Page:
Image courtesy of Cornell University
When I saw Jeff’s blog post on Gonzaga Basketball Players Kayleigh and Kaylynne Truong, I knew had to write about Cornell University’s Jameson Wang, a quarterback on the Ivy League school’s football team and his NIL (name, image and likeness) deal with Degree (which was reported back in August):
““I was contacted by Opendorse, which is a third party NIL company, and they told me that Degree was looking for me to join the Breaking Limits Team,” Wang said. “Coming from an Asian American background, playing football … it’s gonna help me share my story to a lot of people that don’t know my story. And I’m really thankful for that; really blessed that Degree has given me the opportunity to do this.” … Wang played in seven games last season for the Big Red and led the squad in rushing with 349 yards (5.5 yards per carry) and four touchdowns, becoming the second freshman in program history to do so.
The level of Asian American representation in major United States sports is quite low. According to the 2021 Racial and Gender Report Card from The Institute for Diversity and Equity in Sports (TIDES), only 1.5 percent of male Division I athletes identified as Asian. For female Division I athletes, the percentage isn’t much higher (2.3 percent). Only two percent of Division I football players identified as either Asian or Native Hawaiian/Pacific Islander.
The trend holds true at the professional level as well. Asian athletes made up 0.4 percent of NBA players, 0.1 percent of NFL players, 1.9 percent of MLB players, 1.3 percent of MLS players, and 1.4 percent (only two identified as Asian American) of WNBA players, according to TIDES’s 2021 reports on each league. …
“When you think of an Asian American, you’re not gonna think of an athlete; you’re gonna think more of a student,” he said. “We’re just trying to break that stereotype. … For me, just to prove that Asians are more than just smart in the classroom; they are great athletes as well. … I don’t normally think about that because I know what I’m capable of.””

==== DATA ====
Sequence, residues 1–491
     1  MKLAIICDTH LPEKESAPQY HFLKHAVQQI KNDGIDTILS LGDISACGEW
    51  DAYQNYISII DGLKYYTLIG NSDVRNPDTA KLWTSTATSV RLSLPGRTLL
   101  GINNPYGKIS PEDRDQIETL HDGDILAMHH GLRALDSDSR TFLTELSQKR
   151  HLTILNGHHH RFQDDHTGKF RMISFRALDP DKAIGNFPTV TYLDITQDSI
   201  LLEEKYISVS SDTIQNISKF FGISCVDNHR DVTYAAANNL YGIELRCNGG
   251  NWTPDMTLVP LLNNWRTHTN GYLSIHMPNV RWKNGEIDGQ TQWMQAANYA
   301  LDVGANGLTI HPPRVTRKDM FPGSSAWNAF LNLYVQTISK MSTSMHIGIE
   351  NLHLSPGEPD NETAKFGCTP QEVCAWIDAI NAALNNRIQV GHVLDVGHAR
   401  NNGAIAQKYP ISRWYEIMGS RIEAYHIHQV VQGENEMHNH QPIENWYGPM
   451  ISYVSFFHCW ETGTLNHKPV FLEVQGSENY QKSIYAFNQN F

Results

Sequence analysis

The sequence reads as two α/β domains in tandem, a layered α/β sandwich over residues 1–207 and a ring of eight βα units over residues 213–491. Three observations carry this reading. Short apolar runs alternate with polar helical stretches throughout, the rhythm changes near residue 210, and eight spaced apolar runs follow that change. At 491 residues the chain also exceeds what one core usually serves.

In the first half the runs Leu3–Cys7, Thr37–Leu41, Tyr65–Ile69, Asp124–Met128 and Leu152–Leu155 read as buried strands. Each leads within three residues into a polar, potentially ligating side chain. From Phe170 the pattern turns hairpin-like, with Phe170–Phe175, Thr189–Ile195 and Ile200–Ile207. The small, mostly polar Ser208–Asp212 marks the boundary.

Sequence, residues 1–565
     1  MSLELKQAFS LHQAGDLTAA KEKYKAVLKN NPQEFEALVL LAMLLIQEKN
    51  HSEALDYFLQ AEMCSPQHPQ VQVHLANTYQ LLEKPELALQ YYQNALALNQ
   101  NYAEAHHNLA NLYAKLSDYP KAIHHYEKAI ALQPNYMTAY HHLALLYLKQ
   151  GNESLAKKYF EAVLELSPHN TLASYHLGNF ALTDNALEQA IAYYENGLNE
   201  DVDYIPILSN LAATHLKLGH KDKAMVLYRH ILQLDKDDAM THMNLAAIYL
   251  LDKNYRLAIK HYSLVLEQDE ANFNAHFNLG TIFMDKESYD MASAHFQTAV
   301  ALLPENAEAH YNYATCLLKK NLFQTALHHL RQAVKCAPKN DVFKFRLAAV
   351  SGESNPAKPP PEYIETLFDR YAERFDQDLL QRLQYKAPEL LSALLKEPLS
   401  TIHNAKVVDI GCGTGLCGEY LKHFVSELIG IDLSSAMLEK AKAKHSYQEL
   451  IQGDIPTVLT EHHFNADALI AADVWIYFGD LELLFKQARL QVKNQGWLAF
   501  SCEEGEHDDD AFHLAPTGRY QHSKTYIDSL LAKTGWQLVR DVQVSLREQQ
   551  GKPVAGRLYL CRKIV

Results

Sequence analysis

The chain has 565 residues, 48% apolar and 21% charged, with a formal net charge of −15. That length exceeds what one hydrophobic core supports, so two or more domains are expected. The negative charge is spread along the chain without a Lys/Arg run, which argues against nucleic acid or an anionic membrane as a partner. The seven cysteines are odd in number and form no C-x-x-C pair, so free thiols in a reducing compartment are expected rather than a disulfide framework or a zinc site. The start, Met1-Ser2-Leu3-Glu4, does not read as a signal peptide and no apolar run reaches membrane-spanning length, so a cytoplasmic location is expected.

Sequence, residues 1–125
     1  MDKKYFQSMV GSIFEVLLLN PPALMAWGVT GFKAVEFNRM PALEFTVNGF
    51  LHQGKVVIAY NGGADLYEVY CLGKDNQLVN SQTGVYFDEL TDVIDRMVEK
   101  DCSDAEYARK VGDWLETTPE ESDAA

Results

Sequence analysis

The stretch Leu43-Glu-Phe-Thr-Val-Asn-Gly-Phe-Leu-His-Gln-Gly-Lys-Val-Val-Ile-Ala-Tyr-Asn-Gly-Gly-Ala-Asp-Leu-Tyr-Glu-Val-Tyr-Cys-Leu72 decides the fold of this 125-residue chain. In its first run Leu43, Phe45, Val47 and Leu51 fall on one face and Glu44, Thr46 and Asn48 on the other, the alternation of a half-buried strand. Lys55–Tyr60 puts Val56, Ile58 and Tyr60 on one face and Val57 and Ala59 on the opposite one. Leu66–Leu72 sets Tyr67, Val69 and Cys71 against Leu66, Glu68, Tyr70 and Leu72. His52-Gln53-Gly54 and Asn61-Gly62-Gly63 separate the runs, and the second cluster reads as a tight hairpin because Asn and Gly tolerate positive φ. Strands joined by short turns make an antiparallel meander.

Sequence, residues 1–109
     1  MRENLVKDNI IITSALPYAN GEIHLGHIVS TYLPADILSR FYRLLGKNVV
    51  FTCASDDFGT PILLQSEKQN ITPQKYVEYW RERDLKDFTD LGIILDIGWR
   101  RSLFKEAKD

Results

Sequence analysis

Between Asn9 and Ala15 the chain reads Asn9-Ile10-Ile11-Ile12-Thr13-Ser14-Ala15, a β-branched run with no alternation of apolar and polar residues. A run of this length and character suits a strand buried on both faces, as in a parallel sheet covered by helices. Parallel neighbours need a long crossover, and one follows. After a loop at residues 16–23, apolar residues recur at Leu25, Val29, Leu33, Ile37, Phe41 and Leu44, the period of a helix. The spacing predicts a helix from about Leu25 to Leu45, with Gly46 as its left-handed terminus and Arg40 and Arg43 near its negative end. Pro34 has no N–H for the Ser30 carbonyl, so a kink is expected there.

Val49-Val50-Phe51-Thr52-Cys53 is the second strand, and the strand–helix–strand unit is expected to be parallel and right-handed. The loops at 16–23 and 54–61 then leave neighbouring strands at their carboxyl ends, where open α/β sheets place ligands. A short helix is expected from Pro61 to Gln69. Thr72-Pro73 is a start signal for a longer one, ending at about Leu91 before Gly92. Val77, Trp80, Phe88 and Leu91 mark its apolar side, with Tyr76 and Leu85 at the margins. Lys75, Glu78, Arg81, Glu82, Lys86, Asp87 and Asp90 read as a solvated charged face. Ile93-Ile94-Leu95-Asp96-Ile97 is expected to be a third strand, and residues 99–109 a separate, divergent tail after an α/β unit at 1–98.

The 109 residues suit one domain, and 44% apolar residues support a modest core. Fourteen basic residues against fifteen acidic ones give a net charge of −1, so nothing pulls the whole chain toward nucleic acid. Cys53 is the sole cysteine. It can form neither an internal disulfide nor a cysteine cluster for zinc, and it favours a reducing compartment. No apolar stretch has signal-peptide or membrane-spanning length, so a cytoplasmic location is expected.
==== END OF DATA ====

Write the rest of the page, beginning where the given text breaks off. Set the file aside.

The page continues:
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As a Cornell alum myself, I did read about him when he first became a freshman player last year, where he was interviewed and discussed the lack of Asian Americans in athletics:
“During the 2019-2020 football season, only about 0.3 percent of all NCAA Division I football players in the country identified as Asian. Being one of the few Asian Americans to play for the Red in recent memory, Wang has been placed center stage while he tackles one of the most integral positions in the game….
As years went by and Wang began getting noticed by various colleges, he quickly took on a new role in the Asian American community as a role model.
“As I got deeper in high school and realized that I was good enough to play at the collegiate level, I was trying to use my platform to promote Asian Americans and American football because there just hasn’t been that many people to do it,” Wang said.
Being from Los Angeles, Wang’s play was often noticed and publicized through platforms like Instagram. During his sophomore and junior seasons, Wang received direct messages from other Asian Americans aspiring to play football.
“So that’s when I was using my platform to help encourage other Asian Americans that they can do it too,” Wang said. “I’m not the first one, and I’m not going to be the last one to do it.””
I’m hoping the best for Jameson and the Cornell Big Red football team. Go Big Red! Let’s hope Wangsanity eventually becomes a thing!